LONDON — European stocks are expected to open flat to lower on Thursday as global markets falter following the latest U.S. inflation reading showing consumer prices rose once again in December.
The U.K.’s FTSE index is expected to open unchanged at 7,539, Germany’s DAX is seen opening 11 points lower at 16,029, France’s CAC 40 down 9 points at 7,222 and Italy’s FTSE MIB 31 points lower at 27,537, according to data from IG.
Global markets are digesting the latest red-hot inflation reading from the U.S. on Wednesday which showed the December reading for the consumer price index, a gauge of prices across a broad spectrum of goods, increased 7%, according to the Bureau of Labor Statistics.
On a monthly basis, CPI increased 0.5%. Economists expected the consumer price index to rise 0.4% in December, and 7% on a year-over-year basis, according to Dow Jones.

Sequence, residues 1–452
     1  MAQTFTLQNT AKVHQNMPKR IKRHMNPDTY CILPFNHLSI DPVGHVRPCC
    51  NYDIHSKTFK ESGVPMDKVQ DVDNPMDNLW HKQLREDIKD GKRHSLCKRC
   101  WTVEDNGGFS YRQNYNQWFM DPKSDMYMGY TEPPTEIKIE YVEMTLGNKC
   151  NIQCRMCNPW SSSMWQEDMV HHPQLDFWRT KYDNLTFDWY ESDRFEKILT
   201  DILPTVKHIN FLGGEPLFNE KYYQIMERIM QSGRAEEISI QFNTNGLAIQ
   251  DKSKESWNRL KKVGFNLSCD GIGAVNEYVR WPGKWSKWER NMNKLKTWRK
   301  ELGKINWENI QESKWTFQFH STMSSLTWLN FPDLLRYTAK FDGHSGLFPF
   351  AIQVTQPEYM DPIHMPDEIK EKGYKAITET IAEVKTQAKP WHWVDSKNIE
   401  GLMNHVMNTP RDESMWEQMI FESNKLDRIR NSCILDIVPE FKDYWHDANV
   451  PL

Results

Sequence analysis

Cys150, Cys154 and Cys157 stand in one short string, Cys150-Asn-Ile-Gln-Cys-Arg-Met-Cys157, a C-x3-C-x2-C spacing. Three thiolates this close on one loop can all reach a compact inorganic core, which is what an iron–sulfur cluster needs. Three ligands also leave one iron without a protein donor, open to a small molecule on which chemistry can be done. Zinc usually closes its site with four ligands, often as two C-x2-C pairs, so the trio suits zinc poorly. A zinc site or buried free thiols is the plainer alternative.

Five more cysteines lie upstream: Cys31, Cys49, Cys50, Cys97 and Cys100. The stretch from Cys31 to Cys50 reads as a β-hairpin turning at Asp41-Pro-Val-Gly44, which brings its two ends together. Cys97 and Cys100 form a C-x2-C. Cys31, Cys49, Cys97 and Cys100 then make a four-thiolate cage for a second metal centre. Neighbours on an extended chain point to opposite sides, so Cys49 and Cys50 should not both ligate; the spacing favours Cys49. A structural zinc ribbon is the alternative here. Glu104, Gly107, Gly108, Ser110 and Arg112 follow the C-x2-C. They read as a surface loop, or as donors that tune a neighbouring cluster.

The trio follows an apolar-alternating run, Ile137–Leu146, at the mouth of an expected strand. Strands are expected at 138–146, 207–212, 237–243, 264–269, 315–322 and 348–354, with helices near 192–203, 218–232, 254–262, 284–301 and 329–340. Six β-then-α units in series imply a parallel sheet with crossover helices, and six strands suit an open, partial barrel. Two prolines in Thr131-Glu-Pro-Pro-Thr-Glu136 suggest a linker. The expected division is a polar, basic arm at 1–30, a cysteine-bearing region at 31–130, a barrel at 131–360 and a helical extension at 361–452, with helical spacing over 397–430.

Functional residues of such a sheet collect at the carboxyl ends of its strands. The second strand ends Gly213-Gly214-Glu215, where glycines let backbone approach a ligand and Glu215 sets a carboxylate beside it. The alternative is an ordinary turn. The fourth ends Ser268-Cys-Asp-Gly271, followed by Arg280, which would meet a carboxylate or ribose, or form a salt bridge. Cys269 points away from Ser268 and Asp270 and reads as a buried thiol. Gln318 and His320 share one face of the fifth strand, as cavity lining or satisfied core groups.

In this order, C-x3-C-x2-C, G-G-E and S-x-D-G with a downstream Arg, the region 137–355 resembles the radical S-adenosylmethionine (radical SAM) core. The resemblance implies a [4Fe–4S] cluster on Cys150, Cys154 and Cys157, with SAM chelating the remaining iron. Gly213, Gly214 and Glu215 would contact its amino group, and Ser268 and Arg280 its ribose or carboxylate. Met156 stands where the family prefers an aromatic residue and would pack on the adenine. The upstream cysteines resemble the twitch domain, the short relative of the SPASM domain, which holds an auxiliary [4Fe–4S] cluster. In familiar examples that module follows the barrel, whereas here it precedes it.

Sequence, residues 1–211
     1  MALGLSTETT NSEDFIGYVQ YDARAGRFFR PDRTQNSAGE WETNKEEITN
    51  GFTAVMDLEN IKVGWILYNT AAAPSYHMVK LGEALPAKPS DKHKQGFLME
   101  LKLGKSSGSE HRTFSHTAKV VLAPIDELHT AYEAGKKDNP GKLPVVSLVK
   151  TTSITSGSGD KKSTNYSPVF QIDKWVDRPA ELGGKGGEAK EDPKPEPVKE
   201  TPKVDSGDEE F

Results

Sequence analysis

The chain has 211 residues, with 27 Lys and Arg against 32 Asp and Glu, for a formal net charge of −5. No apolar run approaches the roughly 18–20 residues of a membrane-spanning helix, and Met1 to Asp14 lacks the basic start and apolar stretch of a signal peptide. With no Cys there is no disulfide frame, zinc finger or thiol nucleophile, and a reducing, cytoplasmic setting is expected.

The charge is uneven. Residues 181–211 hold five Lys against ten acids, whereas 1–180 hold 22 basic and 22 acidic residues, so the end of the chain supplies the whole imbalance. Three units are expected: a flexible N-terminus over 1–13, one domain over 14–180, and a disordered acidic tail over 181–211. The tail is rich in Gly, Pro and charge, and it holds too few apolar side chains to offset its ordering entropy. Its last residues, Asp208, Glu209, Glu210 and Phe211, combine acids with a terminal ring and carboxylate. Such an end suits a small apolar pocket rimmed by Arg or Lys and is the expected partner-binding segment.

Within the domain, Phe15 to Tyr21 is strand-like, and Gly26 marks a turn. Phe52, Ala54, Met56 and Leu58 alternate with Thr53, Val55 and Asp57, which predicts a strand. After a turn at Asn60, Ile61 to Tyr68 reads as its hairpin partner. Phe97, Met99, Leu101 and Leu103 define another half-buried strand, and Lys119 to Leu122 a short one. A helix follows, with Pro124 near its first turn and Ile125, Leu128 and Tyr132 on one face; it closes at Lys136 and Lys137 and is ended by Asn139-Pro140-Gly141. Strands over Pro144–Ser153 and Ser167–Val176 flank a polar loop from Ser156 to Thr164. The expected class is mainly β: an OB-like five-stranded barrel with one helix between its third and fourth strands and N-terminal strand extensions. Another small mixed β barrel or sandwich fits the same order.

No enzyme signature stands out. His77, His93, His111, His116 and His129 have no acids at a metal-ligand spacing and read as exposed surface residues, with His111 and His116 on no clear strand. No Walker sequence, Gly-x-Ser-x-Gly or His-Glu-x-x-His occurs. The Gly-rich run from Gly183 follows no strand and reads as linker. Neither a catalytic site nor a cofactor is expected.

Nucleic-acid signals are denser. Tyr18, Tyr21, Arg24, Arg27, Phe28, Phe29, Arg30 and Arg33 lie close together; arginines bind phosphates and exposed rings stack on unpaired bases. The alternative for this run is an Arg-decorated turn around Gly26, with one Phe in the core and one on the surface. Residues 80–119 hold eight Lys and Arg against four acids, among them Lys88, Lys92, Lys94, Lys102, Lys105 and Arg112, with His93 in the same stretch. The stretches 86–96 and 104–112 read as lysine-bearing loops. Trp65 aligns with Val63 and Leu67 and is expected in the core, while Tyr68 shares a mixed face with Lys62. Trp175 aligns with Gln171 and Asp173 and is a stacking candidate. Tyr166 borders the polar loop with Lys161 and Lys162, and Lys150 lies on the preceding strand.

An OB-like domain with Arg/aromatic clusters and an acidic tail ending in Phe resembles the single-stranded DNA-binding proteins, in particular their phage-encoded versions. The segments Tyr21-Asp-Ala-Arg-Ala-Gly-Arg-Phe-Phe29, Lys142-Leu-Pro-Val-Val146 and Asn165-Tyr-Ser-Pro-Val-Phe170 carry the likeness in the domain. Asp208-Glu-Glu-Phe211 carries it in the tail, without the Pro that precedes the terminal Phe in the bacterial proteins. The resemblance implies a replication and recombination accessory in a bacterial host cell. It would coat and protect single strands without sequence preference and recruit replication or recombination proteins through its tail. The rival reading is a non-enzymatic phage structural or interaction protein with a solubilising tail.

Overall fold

Some economists think inflation could be showing signs of peaking, so the report will be looked at closely for the longer-term trend.
Though CPI is not the Federal Reserve’s primary inflation gauge, policymakers are watching a variety of measures as they embark on the first stages of tightening the most accommodative policy measures in the central bank’s history.
Fed Chairman Jerome Powell told Senate lawmakers Tuesday that he expects interest rate increases this year along with the end of the monthly bond-buying program in March and a reduction in asset holdings. Powell said the moves likely will be needed to control inflation at a time when the economy has recovered substantially from the pandemic shock.
The December producer price index, another measure of inflation, is set to come out on Thursday.
Big banks in the U.S. are also in focus with a number kicking off the fourth-quarter earnings season on Friday. JPMorgan Chase, Citigroup and Wells Fargo are slated to release quarterly results before the U.S. trading session starts.
In Europe, earnings come from Geberit while Tesco, Marks & Spencer and ASOS release trading statements and consumer sentiment data is released for the U.K., France and Germany.
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— CNBC’s Jeff Cox contributed to this market report.